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Posts Tagged ‘Nutcracker’

Photo: Alexander Izilieav /Miami New Times
Miami City Ballet is one of the few national ballet companies this year putting on a production of The Nutcracker.

Holidays go on, one way or another. On Friday, our church had an online carol sing (secret of success: only one person unmuted at a time), and I was able to see my grandchildren in two different states mouthing the words and dancing. Someone else I know watched her friend’s son perform (virtually) as the Prince in a local Nutcracker. In Miami, another Nutcracker is taking place outdoors.

Gia Kourlas reports at the New York Times, “Lourdes Lopez, the artistic director of Miami City Ballet, is facing a new unknown. It’s a fear she’s never had. And it stresses her out.

“ ‘I just hope that at the last minute that they don’t close us down,’ she said. …

“Against the odds during a pandemic, the company will present its reimagined production of ‘George Balanchine’s The Nutcracker’ this month. Normally, Ms. Lopez said, her worries would fall more along the lines of, are the costumes going to be ready? …

“Now she is thinking about the backstage choreography of the crew and the dancers, since masks will not be worn during performances. ‘We have to make sure that when you’re exiting, no one is in that wing,’ she said. …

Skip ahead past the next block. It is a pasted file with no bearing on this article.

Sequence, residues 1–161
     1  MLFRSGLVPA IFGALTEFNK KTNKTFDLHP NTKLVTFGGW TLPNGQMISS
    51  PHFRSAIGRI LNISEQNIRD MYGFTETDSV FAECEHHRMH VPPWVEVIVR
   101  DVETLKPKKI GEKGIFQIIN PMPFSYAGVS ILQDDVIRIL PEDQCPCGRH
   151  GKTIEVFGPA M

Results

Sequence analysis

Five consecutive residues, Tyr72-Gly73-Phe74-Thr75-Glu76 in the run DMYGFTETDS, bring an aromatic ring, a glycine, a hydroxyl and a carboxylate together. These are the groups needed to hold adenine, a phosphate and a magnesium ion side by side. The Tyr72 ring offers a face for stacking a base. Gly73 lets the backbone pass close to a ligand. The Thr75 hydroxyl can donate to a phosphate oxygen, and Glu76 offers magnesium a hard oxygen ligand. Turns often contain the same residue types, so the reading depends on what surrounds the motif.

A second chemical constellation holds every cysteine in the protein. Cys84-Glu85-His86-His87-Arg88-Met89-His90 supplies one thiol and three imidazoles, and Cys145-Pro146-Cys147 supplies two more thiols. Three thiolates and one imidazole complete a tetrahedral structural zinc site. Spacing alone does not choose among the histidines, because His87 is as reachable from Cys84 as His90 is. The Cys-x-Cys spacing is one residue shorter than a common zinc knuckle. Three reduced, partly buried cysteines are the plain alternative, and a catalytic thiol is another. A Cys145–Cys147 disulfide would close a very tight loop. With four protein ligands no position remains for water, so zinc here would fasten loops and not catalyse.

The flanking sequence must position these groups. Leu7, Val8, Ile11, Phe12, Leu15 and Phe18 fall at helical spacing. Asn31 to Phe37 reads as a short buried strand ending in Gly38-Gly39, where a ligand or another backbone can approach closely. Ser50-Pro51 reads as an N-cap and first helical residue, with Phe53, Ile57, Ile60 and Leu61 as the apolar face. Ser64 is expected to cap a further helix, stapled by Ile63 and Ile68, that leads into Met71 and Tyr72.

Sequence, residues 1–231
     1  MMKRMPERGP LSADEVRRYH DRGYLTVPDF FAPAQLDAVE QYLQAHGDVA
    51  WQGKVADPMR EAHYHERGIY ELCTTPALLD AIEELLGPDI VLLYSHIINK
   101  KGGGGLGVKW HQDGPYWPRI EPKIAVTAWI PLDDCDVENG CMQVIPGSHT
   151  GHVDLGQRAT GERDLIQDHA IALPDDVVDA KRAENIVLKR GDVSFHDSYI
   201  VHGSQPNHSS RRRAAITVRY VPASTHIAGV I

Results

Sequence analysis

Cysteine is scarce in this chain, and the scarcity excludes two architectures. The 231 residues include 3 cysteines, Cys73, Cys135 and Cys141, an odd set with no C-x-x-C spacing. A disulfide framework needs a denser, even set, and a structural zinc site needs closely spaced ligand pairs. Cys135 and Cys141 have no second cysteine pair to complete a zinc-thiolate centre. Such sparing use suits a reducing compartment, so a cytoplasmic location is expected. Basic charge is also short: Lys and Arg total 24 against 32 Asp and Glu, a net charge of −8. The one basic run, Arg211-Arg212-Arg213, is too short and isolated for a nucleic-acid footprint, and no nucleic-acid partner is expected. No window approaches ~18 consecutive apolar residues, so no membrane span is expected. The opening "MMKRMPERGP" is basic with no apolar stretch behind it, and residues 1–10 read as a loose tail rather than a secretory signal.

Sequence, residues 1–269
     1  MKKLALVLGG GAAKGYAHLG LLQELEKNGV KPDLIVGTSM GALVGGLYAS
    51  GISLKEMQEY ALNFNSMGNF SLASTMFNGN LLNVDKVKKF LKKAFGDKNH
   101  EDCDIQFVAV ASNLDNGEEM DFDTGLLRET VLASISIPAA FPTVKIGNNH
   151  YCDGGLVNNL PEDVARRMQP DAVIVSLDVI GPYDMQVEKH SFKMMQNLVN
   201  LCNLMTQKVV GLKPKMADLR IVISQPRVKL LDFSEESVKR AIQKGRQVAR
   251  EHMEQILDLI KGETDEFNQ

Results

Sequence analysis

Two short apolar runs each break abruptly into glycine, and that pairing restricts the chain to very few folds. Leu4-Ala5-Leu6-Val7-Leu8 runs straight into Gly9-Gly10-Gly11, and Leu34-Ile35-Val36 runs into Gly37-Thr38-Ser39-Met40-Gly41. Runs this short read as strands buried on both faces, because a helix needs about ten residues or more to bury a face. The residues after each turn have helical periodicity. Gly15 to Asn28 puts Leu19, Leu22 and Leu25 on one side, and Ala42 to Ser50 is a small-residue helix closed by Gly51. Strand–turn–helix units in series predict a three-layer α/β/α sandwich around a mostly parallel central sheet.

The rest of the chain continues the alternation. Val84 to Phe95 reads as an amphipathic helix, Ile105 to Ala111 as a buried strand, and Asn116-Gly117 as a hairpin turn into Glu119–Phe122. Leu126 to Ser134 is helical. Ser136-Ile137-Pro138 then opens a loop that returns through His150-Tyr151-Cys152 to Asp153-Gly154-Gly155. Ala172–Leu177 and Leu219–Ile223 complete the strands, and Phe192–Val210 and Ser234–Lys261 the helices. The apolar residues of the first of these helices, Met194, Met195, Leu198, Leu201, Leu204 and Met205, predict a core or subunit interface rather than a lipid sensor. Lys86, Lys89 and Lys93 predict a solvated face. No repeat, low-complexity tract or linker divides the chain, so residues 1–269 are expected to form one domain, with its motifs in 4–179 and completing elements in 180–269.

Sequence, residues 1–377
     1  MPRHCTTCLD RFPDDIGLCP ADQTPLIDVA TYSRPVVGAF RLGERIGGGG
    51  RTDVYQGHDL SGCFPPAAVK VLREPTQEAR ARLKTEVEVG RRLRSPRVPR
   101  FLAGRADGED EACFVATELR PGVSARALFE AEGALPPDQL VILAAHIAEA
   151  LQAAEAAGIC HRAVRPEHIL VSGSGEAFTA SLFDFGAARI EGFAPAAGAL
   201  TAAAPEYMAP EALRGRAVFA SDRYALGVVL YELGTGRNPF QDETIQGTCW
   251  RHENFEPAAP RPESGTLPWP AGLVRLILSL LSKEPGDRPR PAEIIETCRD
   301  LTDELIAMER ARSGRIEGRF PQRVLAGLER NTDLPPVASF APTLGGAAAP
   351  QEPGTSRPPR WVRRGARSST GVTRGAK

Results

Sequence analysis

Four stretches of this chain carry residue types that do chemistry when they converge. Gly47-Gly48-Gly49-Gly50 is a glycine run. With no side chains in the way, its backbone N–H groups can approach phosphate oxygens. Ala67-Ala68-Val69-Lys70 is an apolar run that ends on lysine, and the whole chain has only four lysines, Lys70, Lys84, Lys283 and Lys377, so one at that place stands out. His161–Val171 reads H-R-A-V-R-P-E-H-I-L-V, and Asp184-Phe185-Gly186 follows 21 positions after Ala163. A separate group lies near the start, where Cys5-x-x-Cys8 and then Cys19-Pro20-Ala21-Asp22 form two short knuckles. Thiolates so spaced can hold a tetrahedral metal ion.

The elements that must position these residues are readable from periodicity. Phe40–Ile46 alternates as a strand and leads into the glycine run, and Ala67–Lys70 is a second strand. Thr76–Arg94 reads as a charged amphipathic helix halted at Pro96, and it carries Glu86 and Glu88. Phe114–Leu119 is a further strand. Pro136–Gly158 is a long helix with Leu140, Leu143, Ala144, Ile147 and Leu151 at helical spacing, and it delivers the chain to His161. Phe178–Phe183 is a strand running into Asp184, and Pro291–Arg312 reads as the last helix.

“ ‘The Nutcracker’ ” is more than a beloved holiday staple. For ballet companies across the country it’s a financial lifeline that supports the repertory for the rest of the year. This year, most productions have been relegated to virtual offerings, but Miami has something that some other cities, like New York, don’t: warm weather at holiday time.

“The company’s production of Balanchine’s 1954 classic already pops with an abundance of color and heat. In 2017, it was given a vibrant Miami makeover, with designs and costumes by Isabel and Ruben Toledo and projections by Wendall K. Harrington. …

“Miami City Ballet’s production is, Ms. Lopez noted, a true community effort. ‘Think of a hospital, a government agency, a real estate investment firm and a ballet company somehow coming to the table,’ she said. ‘Never in my wildest dreams would I ever, ever have thought of that.’

“She hadn’t planned for this to happen.

‘This is not because I’m a visionary,’ Ms. Lopez said. ‘It was just opportunities that arose and it came, honestly, from a “What can we do?” ‘ …

“It was Ms. Harrington who, over the summer, suggested to Ms. Lopez that the company should present a ‘Nutcracker.’ … ‘I’m not like the hugest fan of “The Nutcracker” in all the world, but I do know of its healing effects,’ she said. ‘And right now we need a little Christmas, as the song goes.’ …

“The company has teamed up with a health care partner, Baptist Health South Florida, and abides by a stringent testing and safety protocol. Masked audience members will be seated in socially distanced pods that accommodate up to four people each. The intermission has been cut to five minutes — more of a pause — and the idea is to get people in and out efficiently.